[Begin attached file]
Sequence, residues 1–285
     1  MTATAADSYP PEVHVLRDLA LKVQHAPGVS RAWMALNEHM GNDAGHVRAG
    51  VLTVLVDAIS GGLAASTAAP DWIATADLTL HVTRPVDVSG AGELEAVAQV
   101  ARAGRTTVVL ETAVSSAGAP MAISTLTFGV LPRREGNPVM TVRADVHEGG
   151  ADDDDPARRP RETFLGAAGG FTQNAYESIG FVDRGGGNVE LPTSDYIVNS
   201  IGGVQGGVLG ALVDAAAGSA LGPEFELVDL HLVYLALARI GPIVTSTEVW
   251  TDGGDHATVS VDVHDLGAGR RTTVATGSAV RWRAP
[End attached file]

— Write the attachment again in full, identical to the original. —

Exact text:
Sequence, residues 1–285
     1  MTATAADSYP PEVHVLRDLA LKVQHAPGVS RAWMALNEHM GNDAGHVRAG
    51  VLTVLVDAIS GGLAASTAAP DWIATADLTL HVTRPVDVSG AGELEAVAQV
   101  ARAGRTTVVL ETAVSSAGAP MAISTLTFGV LPRREGNPVM TVRADVHEGG
   151  ADDDDPARRP RETFLGAAGG FTQNAYESIG FVDRGGGNVE LPTSDYIVNS
   201  IGGVQGGVLG ALVDAAAGSA LGPEFELVDL HLVYLALARI GPIVTSTEVW
   251  TDGGDHATVS VDVHDLGAGR RTTVATGSAV RWRAP